The courtship is on.
As the ranks of retirees grow, so do efforts by states and cities to woo them as new residents. With increasing sophistication, state agencies are using national advertising, glossy brochures, videos, and Web sites to put their best image forward, hoping to attract older migrants.
"For a long time, the choice was, 'Well, I'm going to retire and go to Florida or Arizona,' " says Ken Plonski, director of community relations for Del Webb Corp. in Phoenix. "Now a lot more states are competing for retirees. They see them as an economic engine."
Other experts call retirees "a clean growth industry," says Alan Fox, publisher of Where to Retire magazine. No wonder. Every year, according to the Census Bureau, retirees who move to other states take $6 billion with them.
The first statewide program to attract retirees began in 1989 in Alabama. The governor's office mailed a questionnaire to 428 municipalities, inviting them to be part of the initiative. Seventy towns responded. The state's Department of Economic Affairs produced a brochure and compiled a guide to retiring in Alabama. It also began advertising and set up an 800 number to call.
Those efforts produced "a lot of misconceptions," says Mark Fagan, a professor at Jacksonville (Ala.) State University. "Some residents asked, 'Why do you want these old people?'"
The answers, Dr. Fagan says, are obvious. "They're not committing crimes, they're good citizens, they positively increase your tax base, and they create jobs. They help bring life to the economy."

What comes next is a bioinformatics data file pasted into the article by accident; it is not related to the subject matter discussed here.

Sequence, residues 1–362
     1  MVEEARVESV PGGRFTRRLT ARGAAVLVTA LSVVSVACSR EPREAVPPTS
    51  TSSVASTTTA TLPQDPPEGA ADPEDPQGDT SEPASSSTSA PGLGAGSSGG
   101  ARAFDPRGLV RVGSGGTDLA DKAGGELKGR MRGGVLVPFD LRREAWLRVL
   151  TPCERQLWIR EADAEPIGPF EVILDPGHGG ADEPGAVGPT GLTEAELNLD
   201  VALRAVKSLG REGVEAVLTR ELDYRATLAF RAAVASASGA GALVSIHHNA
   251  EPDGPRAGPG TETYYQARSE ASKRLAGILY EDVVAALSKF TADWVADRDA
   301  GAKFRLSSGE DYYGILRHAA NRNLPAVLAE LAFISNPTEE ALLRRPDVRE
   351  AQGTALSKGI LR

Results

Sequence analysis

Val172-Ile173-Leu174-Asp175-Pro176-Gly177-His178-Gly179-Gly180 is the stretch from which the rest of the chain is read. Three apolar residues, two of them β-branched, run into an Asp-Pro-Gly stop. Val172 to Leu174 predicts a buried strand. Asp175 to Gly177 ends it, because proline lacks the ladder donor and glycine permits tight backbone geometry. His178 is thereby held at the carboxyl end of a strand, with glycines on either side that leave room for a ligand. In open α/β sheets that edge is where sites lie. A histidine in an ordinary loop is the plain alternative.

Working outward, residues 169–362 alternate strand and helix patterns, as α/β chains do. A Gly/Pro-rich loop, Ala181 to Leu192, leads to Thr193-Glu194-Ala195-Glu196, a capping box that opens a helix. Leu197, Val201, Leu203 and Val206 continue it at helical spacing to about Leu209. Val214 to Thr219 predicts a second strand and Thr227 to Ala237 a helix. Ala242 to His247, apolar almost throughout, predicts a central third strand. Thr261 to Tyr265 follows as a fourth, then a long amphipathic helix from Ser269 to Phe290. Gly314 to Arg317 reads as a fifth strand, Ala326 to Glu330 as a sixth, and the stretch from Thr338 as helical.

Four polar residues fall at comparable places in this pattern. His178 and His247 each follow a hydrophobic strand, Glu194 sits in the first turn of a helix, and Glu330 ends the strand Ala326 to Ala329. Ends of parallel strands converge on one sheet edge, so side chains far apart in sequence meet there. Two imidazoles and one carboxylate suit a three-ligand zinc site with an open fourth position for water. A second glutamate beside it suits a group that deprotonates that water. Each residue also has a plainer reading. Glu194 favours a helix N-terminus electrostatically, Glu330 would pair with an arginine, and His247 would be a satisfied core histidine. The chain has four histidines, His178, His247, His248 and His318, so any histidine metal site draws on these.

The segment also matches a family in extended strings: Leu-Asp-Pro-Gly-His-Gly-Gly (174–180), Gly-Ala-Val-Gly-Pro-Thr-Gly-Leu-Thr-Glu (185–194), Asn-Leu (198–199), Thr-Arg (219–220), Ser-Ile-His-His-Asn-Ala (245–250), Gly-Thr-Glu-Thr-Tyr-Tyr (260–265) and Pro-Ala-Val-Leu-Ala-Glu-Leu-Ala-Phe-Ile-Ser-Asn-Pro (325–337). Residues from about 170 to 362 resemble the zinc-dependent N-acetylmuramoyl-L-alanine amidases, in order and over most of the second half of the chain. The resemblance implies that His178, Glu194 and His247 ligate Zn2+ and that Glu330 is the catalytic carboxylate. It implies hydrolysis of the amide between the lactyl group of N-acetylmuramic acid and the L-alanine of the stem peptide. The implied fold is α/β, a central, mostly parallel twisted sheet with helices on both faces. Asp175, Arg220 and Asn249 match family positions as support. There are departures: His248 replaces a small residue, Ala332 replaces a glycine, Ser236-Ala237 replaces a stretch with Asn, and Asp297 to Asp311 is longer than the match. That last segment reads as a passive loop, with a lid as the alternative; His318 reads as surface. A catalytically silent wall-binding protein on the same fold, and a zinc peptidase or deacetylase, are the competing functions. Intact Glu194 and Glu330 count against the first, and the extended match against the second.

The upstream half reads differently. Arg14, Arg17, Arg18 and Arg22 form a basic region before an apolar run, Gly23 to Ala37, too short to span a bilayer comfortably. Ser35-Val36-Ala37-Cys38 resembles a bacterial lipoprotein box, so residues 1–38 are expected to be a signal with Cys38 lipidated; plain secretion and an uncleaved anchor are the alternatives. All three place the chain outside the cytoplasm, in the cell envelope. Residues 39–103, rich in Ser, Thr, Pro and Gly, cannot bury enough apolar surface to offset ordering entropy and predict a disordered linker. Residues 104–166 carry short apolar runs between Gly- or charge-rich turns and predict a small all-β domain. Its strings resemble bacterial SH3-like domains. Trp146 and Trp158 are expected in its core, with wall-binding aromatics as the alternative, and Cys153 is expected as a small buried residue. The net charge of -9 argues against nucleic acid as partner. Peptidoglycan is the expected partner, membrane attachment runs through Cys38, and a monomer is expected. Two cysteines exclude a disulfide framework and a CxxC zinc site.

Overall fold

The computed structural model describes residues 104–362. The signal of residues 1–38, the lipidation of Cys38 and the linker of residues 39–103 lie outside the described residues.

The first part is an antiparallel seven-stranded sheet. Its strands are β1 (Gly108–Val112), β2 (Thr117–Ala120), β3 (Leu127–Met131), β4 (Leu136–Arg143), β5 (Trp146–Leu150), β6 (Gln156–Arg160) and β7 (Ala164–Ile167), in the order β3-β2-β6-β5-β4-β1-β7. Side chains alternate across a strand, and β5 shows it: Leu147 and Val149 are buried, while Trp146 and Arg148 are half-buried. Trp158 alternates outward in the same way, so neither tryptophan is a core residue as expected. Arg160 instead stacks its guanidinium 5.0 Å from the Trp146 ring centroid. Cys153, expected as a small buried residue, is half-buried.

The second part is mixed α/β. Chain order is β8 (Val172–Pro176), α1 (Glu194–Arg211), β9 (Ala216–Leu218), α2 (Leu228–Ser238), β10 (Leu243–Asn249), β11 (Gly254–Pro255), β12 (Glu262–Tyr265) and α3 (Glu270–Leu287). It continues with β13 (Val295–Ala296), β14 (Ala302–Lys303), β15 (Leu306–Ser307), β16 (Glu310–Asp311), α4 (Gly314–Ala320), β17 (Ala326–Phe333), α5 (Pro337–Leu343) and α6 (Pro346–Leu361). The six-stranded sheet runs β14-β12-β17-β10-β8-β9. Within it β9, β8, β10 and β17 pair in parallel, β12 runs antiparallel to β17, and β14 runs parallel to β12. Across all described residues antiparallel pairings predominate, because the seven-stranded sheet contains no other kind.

Some towns find that recruiting retirees brings more economic benefits than similar efforts to recruit industry. Because only 400 or 500 plants relocate each year, Fagan notes, competition among states and towns is intense.
"A town must provide a lot of incentives to be able to say, 'We landed this plant that has 100 jobs,' " he explains. "But it may be several years before those 100 jobs get there. And they don't talk about what those 100 jobs cost them to get, when you look at tax abatements, construction incentives, and utility costs."
By contrast, Fagan says, estimates show that one retiree household relocating to an area has the same economic impact as approximately three factory jobs. In particular, he notes, they increase the tax base without draining social services. They also spend money for goods and services locally, creating jobs in such areas as real estate, recreation, and banking.
In Mississippi, a similar three-year-old program, called Hometown Mississippi Retirement, operates with a $500,000 budget. Since it began, 983 new retiree households have moved to the state.
Last April, Hometown Mississippi Retirement sponsored its third-annual Southeastern Retirement Symposium in Tupelo, Miss. The two-day event helps cities, states, and private developers learn to market to retirees.
"We may have to start calling the symposium 'national' rather than 'Southeastern,' because people now come from Montana, California, Arizona, and Pennsylvania," says Barbara McDonald, director.
Some retirees who relocate form a migration pattern Ms. McDonald calls a "J-curve." Their first retirement move took them from the Northeast to Florida. Now, in a quest for cheaper living costs, less congestion, and lower crime rates, they are heading north again, but only as far as states such as Mississippi, Alabama, Arkansas, and the Carolinas.
Retirees of the future may also have the option of a short-distance move. Next spring Del Webb Corp. hopes to break ground on its first four-season Sun City, in Huntley, Ill., northwest of Chicago. The company's eight other Sun City communities are in the Sun Belt.
"We know that 80 to 90 percent of retirees are going to stay within 200 miles of where they've lived their entire life, because of relationships with family and friends," says Mr. Plonski. "But they still have an interest in this active life style, even if they're in the so-called Frost Belt."